The selection of dataset is the most important consideration during development of a prediction method. The sequence used for training should have high quality curation and should not contain the proteins belonging to gene families and homologous genes from various organisms. If the proteins in the dataset have high similarity among each other then the method will show very high accuracy during training but it will be not very effective during real life prediction. Hence the final dataset is created in such a way that representative proteins will not have sequence similarity more than a certain threshold limit. This type of dataset is called as non-redundant dataset. In this work we used the non-redundant database of 10372 eukaryotic proteins obtained from Guda et al, 2004 [1]. This dataset has been used earlier for developing MITOPRED [1] and Mitpred [2]. Originally these sequences were extracted from Swiss-Prot release 40.41 It consists of proteins having experimentally determined subcellular locations (cytoplasm = 1712, nucleus = 2710, mitochondria = 1432, extracellular or secretory = 3471, endoplasmic reticulum = 644, plasma membrane = 108, golgi complex = 142 and peroxisome = 153). Sequences with low quality annotation such as 'by similarity', 'potential', 'probable' and 'possible' were not included in the dataset. In this study, 2710 nuclear proteins were used as positive example and remaining 7662 as negative examples.

Blind or independent dataset

We use three different types of blind datasets obtained from different sources i) Blind1 dataset have 363 nuclear and 344 non-nuclear animal proteins, earlier used in BaCelLo for benchmarking of different eukaryotic subcellular localization methods [8], ii) Blind2 dataset have 122 nuclear and 57 non-nuclear fungal proteins also used in BaCelLo [8] and iii) Blind3 dataset consists of 687 nuclear and 1526 non-nuclear human proteins used for benchmarking NucPred [6].

Performance evaluation and parameters

Jackknife or leave one out cross-validation is considered to be the most rigorous test for evaluation of performance [15]. But it usually takes very long time to perform jackknife test. As a compromise, we use the less rigorous 5-fold cross-validation where proteins of each class were randomly divided into five sets [2, 11, 16]. Four parts were used for training and remaining one part for testing. This process was repeated five times so that each set was used once for testing.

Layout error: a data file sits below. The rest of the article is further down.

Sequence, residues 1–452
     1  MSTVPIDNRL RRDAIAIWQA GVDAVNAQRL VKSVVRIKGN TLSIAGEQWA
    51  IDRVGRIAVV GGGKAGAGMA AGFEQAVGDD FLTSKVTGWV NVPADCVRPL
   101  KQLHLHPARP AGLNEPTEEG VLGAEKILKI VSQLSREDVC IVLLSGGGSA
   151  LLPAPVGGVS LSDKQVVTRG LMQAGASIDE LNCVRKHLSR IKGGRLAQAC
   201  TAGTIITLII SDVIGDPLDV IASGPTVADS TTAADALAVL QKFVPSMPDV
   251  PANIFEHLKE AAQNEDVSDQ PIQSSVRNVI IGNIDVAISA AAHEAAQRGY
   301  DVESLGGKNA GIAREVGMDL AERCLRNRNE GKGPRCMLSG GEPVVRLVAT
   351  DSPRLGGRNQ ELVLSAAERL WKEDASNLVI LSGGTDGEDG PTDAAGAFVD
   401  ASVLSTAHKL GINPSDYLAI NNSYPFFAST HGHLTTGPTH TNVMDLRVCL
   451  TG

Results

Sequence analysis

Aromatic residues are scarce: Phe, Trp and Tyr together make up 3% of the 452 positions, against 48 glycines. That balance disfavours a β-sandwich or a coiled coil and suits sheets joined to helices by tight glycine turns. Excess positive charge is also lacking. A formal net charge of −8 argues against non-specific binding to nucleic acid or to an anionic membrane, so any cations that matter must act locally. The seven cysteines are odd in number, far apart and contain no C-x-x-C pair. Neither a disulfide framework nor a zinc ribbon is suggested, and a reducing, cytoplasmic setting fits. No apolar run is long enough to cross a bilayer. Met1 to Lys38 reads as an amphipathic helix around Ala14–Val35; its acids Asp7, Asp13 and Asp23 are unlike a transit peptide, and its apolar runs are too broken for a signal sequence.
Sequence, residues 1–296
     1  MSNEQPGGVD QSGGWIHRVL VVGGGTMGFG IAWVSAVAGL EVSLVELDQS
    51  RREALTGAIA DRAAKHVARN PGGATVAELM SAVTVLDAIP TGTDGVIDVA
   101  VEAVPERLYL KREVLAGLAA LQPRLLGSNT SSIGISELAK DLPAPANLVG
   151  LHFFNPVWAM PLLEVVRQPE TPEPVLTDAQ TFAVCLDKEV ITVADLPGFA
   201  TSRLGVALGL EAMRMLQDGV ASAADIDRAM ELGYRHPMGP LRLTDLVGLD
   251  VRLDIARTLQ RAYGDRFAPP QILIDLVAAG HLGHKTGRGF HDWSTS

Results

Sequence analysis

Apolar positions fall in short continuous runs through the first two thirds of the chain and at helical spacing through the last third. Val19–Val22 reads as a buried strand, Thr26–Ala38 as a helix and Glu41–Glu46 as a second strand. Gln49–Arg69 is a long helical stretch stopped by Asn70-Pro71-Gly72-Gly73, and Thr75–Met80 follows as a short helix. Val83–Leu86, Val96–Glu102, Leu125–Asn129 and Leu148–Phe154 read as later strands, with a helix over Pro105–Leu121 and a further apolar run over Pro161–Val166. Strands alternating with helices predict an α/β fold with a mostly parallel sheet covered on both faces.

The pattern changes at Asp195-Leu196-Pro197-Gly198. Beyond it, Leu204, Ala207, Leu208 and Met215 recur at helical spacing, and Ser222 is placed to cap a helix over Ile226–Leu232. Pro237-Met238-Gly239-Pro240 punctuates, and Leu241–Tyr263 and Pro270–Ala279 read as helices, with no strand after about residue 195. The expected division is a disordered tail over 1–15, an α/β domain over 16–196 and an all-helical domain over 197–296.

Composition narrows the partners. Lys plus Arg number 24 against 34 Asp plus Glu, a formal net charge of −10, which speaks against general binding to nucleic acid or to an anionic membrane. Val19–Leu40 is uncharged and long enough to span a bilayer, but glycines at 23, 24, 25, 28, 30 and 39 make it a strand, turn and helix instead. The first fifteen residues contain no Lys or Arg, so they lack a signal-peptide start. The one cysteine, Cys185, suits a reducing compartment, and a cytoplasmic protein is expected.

For performance evaluation we used standard parameters routinely used in other prediction methods [2, 11, 16]. Followings are the brief description of these parameters; i) sensitivity is percentage of correctly predicted nuclear proteins; ii) specificity is percentage of correctly predicted non-nuclear proteins and iii) accuracy is percent of correctly predicted nuclear and non-nuclear proteins in whole data and iv) Matthews correlation coefficient (MCC) is the statistical parameter to access the quality of prediction and taking care of unbalancing in data [17]. MCC equal to 1 is regarded as perfect prediction, 0 for completely random prediction and -1 as the worst possible prediction. These parameters can be calculated using following equations

S e n s i t i v i t y = T P T P + F N × 100 MathType@MTEF@5@5@+=feaagaart1ev2aaatCvAUfKttLearuWrP9MDH5MBPbIqV92AaeXatLxBI9gBaebbnrfifHhDYfgasaacPC6xNi=xI8qiVKYPFjYdHaVhbbf9v8qqaqFr0xc9vqFj0dXdbba91qpepeI8k8fiI+fsY=rqGqVepae9pg0db9vqaiVgFr0xfr=xfr=xc9adbaqaaeGaciGaaiaabeqaaeqabiWaaaGcbaGaem4uamLaemyzauMaemOBa4Maem4CamNaemyAaKMaemiDaqNaemyAaKMaemODayNaemyAaKMaemiDaqNaemyEaKNaeyypa0tcfa4aaSaaaeaacqWGubavcqWGqbauaeaacqWGubavcqWGqbaucqWGGaaicqGHRaWkcqWGGaaicqWGgbGrcqWGobGtaaGccqGHxdaTcqaIXaqmcqaIWaamcqaIWaamaaa@4B4F@
S p e c i f i c i t y = T N T N + F P × 100 MathType@MTEF@5@5@+=feaagaart1ev2aaatCvAUfKttLearuWrP9MDH5MBPbIqV92AaeXatLxBI9gBaebbnrfifHhDYfgasaacPC6xNi=xI8qiVKYPFjYdHaVhbbf9v8qqaqFr0xc9vqFj0dXdbba91qpepeI8k8fiI+fsY=rqGqVepae9pg0db9vqaiVgFr0xfr=xfr=xc9adbaqaaeGaciGaaiaabeqaaeqabiWaaaGcbaGaem4uamLaemiCaaNaemyzauMaem4yamMaemyAaKMaemOzayMaemyAaKMaem4yamMaemyAaKMaemiDaqNaemyEaKNaemiiaaIaeyypa0Jaemiiaascfa4aaSaaaeaacqWGubavcqWGobGtaeaacqWGubavcqWGobGtcqWGGaaicqGHRaWkcqWGGaaicqWGgbGrcqWGqbauaaGccqGHxdaTcqaIXaqmcqaIWaamcqaIWaamaaa@4C7F@
A c c u r a c y = T P + T N T P + T N + F P + F N × 100 MathType@MTEF@5@5@+=feaagaart1ev2aaatCvAUfKttLearuWrP9MDH5MBPbIqV92AaeXatLxBI9gBaebbnrfifHhDYfgasaacPC6xNi=xI8qiVKYPFjYdHaVhbbf9v8qqaqFr0xc9vqFj0dXdbba91qpepeI8k8fiI+fsY=rqGqVepae9pg0db9vqaiVgFr0xfr=xfr=xc9adbaqaaeGaciGaaiaabeqaaeqabiWaaaGcbaGaemyqaeKaem4yamMaem4yamMaemyDauNaemOCaiNaemyyaeMaem4yamMaemyEaKNaeyypa0tcfa4aaSaaaeaacqWGubavcqWGqbaucqGHRaWkcqWGubavcqWGobGtaeaacqWGubavcqWGqbaucqGHRaWkcqWGubavcqWGobGtcqGHRaWkcqWGgbGrcqWGqbaucqGHRaWkcqWGgbGrcqWGobGtaaGccqGHxdaTcqaIXaqmcqaIWaamcqaIWaamaaa@4EB2@
M C C = ( T P × T N ) ( F P × F N ) ( T P + F P ) ( T P + F N ) ( T N + F P ) ( T N + F N ) MathType@MTEF@5@5@+=feaagaart1ev2aaatCvAUfKttLearuWrP9MDH5MBPbIqV92AaeXatLxBI9gBaebbnrfifHhDYfgasaacPC6xNi=xI8qiVKYPFjYdHaVhbbf9v8qqaqFr0xc9vqFj0dXdbba91qpepeI8k8fiI+fsY=rqGqVepae9pg0db9vqaiVgFr0xfr=xfr=xc9adbaqaaeGaciGaaiaabeqaaeqabiWaaaGcbaGaemyta0Kaem4qamKaem4qamKaemiiaaIaeyypa0Jaemiiaascfa4aaSaaaeaacqGGOaakcqWGubavcqWGqbaucqGHxdaTcqWGubavcqWGobGtcqGGPaqkcqGHsislcqGGOaakcqWGgbGrcqWGqbaucqGHxdaTcqWGgbGrcqWGobGtcqGGPaqkaeaadaGcaaqaaiabcIcaOiabdsfaujabdcfaqjabgUcaRiabdAeagjabdcfaqjabcMcaPiabcIcaOiabdsfaujabdcfaqjabgUcaRiabdAeagjabd6eaojabcMcaPiabcIcaOiabdsfaujabd6eaojabgUcaRiabdAeagjabdcfaqjabcMcaPiabcIcaOiabdsfaujabd6eaojabgUcaRiabdAeagjabd6eaojabcMcaPaqabaaaaaaa@60F1@

Where TP and TN are correctly predicted positive (nuclear) and negative (non-nuclear) proteins respectively. FP and FN are wrongly predicted nuclear and non-nuclear proteins respectively.